Month: October 2010

The Texas Rangers and Me: It’s About Time It Was Time This Time

The Texas Rangers are— can you believe it?— but one win away from their first-ever trip to the World Series. They are one win away from sitting down the Mighty Yankees, the Bronx Bombers, Baseball’s Bullies. One win away. Just one. “It’s time.” This has been the slogan, the mantra, the battle-cry all season long from this club. “It’s about time.” This has been the thought in the back of my mind and on the tip of my tongue this entire MLB Postseason. I do not mean that in any sort of bitter sense, or in any form of exasperation. I am not rolling my eyes or wondering what took them so long. Truth is, I never much minded that my Rangers were seldom serious contenders for anything. They gave me a major league baseball team to follow and cheer and reverence when I was discovering the pure joy of playing the sport myself. As a little leaguer in Mineral Wells, Texas, I would listen to those Rangers baseball games in my bedroom at night. The AM station WBAP was scratchy, but the signal was strong, especially at night. The smooth, dulcet tones of Mark Holtz and Eric Nadel against the backdrop of crowd noise made the game come alive in my mind. I could see every pitch, every swing of the bat, every stare-down, every scratch and spit....

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My Tribute To The History-Making, ALDS-Winning 2010 Texas Rangers

It isn’t like they are baseball neophytes. They aren’t a bunch of nobodies with no history. The baseball world at large may look at the Texas Rangers as a glorified Triple A team, never a threat, no great players, sub-par management. And why not? After all, it did take the Rangers 38 years (49 if you count the time the franchise spent in Washington, DC) to win a postseason series. Why should this franchise that has languished in mediocrity garner national attention? They are, and have always been, a collection of baseball also-rans, right? Just a bunch of nobodies going nowhere. Well, no. Not exactly. In fact, the Rangers have had their share of baseball royalty don their ball cap. Seriously! It’s true. Take, for instance, the Rangers’ first skipper. He wasn’t some leftover or castoff from one of the other venerable Major League franchises. Nor was he some anonymous bench coach or minor league coach trying to make his mark at the highest level. He was, in fact, pure baseball genius. He was royalty. He was the man known as the greatest hitter who ever lived. He was Ted Williams. And he failed as a manager. He failed as a Texas Ranger. He failed to build a pennant-winning team. So did the parade of baseball legends who would follow him as manager of the Texas Rangers. Whitey Herzog,...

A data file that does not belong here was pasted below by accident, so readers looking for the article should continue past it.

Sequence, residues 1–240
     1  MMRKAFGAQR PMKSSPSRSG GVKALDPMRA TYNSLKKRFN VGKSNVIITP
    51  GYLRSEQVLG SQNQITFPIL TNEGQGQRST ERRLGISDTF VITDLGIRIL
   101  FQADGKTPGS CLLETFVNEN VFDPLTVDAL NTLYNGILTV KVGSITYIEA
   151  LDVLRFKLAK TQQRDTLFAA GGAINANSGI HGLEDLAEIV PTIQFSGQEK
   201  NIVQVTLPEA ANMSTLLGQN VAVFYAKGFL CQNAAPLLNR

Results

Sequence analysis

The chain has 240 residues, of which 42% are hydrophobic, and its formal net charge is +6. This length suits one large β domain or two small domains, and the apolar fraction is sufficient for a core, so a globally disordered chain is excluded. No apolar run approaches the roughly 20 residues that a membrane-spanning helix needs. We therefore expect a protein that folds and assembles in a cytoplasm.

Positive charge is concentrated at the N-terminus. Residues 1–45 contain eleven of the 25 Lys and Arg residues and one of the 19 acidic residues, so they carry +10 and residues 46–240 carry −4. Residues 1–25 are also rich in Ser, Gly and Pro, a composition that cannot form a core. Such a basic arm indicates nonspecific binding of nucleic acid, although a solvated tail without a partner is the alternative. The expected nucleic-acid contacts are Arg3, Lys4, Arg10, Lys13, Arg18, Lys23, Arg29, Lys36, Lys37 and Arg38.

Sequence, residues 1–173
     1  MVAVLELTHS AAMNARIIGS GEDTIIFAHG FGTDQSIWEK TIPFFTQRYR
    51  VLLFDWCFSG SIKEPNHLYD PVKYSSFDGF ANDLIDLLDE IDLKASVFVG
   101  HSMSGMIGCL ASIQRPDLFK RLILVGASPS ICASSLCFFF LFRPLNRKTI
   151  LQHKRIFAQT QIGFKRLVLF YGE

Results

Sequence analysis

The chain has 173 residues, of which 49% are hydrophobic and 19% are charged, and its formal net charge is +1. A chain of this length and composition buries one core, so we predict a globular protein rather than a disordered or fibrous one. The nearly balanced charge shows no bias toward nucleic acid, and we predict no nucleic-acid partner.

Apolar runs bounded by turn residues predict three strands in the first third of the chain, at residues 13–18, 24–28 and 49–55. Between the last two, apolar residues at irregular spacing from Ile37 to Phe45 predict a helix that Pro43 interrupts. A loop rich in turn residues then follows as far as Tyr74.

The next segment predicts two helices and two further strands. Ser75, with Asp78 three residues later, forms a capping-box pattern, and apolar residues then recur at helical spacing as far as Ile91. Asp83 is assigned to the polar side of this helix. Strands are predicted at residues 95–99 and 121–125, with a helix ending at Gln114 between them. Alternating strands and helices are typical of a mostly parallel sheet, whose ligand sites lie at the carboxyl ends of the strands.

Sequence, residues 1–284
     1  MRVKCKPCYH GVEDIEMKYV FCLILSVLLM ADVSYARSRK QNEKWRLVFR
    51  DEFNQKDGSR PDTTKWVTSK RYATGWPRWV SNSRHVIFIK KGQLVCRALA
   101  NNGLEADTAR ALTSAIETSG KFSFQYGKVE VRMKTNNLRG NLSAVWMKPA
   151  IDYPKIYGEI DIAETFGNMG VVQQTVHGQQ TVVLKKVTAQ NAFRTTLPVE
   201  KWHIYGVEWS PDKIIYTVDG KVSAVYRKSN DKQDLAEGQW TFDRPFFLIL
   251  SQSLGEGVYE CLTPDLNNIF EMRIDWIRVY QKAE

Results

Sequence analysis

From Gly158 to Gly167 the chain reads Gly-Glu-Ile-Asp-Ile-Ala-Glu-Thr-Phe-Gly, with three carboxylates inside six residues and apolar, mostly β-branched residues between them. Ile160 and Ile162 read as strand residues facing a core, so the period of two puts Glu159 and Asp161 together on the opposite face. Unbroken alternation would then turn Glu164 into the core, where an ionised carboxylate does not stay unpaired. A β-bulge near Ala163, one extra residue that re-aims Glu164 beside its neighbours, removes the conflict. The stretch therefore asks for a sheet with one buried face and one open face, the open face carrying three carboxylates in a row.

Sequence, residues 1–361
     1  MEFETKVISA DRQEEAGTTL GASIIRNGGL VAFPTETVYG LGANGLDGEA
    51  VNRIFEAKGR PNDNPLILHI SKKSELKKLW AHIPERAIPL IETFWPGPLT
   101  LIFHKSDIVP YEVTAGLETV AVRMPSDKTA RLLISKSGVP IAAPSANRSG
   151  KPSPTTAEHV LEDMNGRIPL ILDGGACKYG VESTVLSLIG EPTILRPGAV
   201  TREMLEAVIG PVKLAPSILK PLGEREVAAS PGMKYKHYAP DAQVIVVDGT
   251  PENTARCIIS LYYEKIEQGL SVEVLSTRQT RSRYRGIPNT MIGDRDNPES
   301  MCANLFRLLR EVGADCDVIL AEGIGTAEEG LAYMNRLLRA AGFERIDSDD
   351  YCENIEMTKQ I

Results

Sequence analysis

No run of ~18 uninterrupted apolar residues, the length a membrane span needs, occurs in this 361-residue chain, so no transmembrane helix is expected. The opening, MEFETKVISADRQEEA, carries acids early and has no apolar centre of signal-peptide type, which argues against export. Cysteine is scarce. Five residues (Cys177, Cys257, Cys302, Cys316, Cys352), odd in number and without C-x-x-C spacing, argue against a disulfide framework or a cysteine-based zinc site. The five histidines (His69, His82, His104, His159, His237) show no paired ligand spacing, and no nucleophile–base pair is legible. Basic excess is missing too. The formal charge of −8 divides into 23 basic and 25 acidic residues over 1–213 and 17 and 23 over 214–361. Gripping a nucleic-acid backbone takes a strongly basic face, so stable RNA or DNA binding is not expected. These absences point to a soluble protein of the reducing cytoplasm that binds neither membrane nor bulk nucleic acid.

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An American Socialist? That is Just Plain Stupid!

Stupidity amazes me. I can stare dumbfounded, slack-jawed and wide-eyed at it for hours. It has the same hypnotic effect on my brain as a good magic trick or optical illusion. You know you should know better than to believe it, but there it is right before  your eyes. Socialists are stupid. Can there be any other conclusion? Sure, many of them are driven by high ideals. They envision a world where everyone everywhere is equally wealthy, healthy and wise. They seek a kind of heaven on earth, a Utopia, where “all God’s children” drive Mercedes’ and live on room service. (Wait! If everyone is living on room service, then who is providing the room service? Hmmmm.) It isn’t like the great Socialist experiment hasn’t been tried. Or have we forgotten the 20th Century even before we are two decades into the 21st? Didn’t we watch Russia try this? Wasn’t Cuba sort of into it, as well? And isn’t Miami rather replete with the descendants of those desperate enough to risk life and limb to get off that Island of Misery? The failure of Socialism is in its implementation. How does one spread the wealth? Well, you have to take from those who have and distribute to those who have not. I do not mean you rely on the charity of the haves. God knows, you cannot do that....

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